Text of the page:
In Sydney, Australia, humans and birds are fighting a fierce battle over the most precious resource: trash. for In the past several years, a team of scientists have studied sulfur parrots in the area that have learned — and even taught other parrots — how to steal litter boxes. And in new research Monday, the team said humans are now beginning to devise their own methods of keeping birds away, with varying degrees of success.
Researchers at the Max Planck Institute for Animal Behavior in Germany have long been interested in deciphering the inner workings of animals around the world. Last year, hmm published A deep dive into the litter-stealing habits of Sydney’s sulfur-filled parrots. They found that the practice seemed to be an example of animal culture: a learned behavior that spreads from birds in three suburbs to all over southern Sydney. As technology moved from neighborhood to neighborhood, local cockatoos developed subtle differences in behaviour, such as lifting the lid of the box completely or not opening it – something that happens fairly common in human culture (think of how different local cultures produce their own types of cheese).
Researchers told Gizmodo last year that they were then interested in documenting the human side of this conflict. And that’s exactly what they did in their new paper, published Monday in Current Biology.
“When we collected data for the original study describing the behavior of opening containers by cockatoos, I saw that some people had put devices in their bins to protect them from cockatoos, and I was surprised by the variety of different actions that people came up with. So I really wanted to investigate the human response to cockatoos,” said the author Principal Barbara Clamp, a behavioral ecologist at the Max Planck Institute, told Gizmodo in an email.
To do this, they surveyed the people living in the besieged neighborhoods of these birds. One of the main obstacles to any potential anti-parrot scam is that the bins are designed to open and spill their contents when lifted by the robotic arm in garbage trucks, which means they cannot be kept completely airtight. But that didn’t stop people from inventing a variety of methods, such as placing bricks and stones on lids, attaching water bottles to lid handles with cable ties, or using sticks to clog hinges. There are now commercially available locks that are supposed to open at assembly time (one of these can be seen over here).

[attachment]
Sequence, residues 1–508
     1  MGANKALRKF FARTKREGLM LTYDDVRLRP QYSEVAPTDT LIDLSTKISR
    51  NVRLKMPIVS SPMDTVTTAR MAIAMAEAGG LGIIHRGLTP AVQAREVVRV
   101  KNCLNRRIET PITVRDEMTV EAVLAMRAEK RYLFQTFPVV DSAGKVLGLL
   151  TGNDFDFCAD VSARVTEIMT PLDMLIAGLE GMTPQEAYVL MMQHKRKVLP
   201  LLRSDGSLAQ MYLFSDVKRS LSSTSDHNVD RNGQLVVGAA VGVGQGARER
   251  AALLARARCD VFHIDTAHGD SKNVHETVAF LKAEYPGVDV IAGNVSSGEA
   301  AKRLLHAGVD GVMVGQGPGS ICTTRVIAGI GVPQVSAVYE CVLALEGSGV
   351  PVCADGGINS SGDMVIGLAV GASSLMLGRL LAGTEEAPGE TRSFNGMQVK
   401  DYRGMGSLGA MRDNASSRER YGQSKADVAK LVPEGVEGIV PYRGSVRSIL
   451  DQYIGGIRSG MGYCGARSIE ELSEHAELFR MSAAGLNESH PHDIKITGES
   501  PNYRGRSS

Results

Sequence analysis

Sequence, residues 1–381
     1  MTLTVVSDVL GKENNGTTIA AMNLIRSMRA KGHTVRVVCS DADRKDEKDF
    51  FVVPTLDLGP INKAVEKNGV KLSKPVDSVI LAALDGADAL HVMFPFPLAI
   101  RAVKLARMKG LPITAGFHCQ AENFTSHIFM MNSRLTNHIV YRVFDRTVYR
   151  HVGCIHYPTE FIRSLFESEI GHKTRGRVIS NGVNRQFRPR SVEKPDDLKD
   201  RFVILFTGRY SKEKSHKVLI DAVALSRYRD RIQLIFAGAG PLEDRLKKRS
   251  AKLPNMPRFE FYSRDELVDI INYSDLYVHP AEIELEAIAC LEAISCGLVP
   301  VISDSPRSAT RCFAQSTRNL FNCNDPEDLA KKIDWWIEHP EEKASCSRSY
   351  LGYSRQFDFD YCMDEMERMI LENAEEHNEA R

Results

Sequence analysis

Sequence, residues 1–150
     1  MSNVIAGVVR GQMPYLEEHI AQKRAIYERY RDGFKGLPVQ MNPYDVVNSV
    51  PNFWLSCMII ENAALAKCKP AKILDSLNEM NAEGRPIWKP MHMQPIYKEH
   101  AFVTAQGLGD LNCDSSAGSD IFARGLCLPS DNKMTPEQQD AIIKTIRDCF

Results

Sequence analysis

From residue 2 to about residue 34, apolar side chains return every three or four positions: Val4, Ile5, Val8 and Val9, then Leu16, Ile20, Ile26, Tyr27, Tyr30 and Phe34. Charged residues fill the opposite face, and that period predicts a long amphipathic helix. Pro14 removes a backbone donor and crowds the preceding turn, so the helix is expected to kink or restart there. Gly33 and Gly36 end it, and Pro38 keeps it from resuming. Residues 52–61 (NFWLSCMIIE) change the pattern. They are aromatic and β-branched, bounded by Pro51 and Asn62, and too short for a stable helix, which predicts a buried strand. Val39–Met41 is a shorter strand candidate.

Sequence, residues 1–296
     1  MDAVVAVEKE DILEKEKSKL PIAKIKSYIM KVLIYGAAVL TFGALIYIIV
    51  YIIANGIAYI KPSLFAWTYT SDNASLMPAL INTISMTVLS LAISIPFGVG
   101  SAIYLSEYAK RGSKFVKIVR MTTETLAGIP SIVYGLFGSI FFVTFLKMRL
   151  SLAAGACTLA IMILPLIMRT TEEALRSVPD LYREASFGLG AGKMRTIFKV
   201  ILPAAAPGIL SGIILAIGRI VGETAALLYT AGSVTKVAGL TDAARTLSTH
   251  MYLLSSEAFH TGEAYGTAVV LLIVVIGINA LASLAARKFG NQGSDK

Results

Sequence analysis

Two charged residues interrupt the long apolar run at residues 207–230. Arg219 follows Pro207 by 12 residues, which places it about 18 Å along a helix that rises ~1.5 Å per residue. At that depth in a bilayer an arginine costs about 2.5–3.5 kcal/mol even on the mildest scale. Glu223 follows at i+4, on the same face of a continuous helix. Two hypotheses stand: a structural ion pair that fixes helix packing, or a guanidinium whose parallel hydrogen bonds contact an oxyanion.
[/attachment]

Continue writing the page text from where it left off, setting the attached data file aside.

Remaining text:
Unfortunately for humans, cockatoos have learned to overcome some simple actions. But as far as birds adapt, people are developing meters again. As the researchers said, it appears that the parrots and people in Sydney are engaging in a kind of innovation “arms race”, although Clamp refrains from describing it as a full-fledged war.
“When cockatoos learn to overcome this protective measure (eg by pushing bricks so that they can then open the box), people in our survey reported that they increase the effectiveness of their protective measures (eg by installing something heavy on the lid, so that it can’t be pushed.) What we’ve found is that trash protection (and types of protection) are geographically clustered and that people learn about it from their neighbors,” Clamp said.
The researchers say the entire saga may be a preview of the kind of increasingly common interactions between people and wildlife we can expect as we continue to build our cities bigger and encroach on wildlife habitats. Some animals, like these parrots, may find new ways to adapt to our existence, but many others will not. And sometimes, these interactions can be harmful to humans, such as the emergence of a new zoonotic infectious diseases.
What exactly will happen next is anyone’s guess. “One could imagine that it would continue to escalate (i.e. cockatoos learn to defeat higher-level protection types, people devise better devices to protect their chests) or one side could ‘win’ the arms race,” Clamp said.
For their part, the team plans to continue studying the underlying learning mechanisms that led these cockatoos to become accomplished garbage collectors, and they hope to document how skilled they are at solving the latest countermeasures aimed at keeping them away from the trash hoard.
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